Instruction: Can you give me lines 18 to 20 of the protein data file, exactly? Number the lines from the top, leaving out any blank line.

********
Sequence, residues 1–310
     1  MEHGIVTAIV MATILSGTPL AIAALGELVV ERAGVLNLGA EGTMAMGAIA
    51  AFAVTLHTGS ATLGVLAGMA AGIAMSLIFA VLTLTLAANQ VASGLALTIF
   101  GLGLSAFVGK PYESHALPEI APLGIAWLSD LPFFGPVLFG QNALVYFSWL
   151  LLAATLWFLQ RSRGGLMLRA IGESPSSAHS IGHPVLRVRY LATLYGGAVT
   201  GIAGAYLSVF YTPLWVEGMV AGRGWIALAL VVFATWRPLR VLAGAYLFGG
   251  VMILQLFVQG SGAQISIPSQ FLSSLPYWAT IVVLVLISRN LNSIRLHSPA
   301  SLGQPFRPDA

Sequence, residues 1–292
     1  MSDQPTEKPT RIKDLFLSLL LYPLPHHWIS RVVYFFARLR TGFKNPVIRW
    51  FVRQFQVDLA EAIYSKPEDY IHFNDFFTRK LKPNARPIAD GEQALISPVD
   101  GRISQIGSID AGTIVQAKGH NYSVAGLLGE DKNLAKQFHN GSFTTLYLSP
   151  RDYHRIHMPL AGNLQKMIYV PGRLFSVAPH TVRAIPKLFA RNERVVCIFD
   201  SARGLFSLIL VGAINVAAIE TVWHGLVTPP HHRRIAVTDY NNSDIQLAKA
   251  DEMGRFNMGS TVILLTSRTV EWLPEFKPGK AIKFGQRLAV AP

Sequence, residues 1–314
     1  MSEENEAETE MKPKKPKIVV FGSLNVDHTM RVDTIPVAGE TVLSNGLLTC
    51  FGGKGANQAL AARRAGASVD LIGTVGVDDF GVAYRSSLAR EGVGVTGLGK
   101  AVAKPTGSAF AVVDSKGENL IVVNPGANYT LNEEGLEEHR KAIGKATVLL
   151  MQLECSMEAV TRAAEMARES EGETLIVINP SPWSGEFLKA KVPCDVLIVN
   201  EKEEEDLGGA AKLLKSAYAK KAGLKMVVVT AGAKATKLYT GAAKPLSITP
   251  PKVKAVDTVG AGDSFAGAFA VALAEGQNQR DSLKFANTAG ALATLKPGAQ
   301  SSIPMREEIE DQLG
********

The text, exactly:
    51  FGGKGANQAL AARRAGASVD LIGTVGVDDF GVAYRSSLAR EGVGVTGLGK
   101  AVAKPTGSAF AVVDSKGENL IVVNPGANYT LNEEGLEEHR KAIGKATVLL
   151  MQLECSMEAV TRAAEMARES EGETLIVINP SPWSGEFLKA KVPCDVLIVN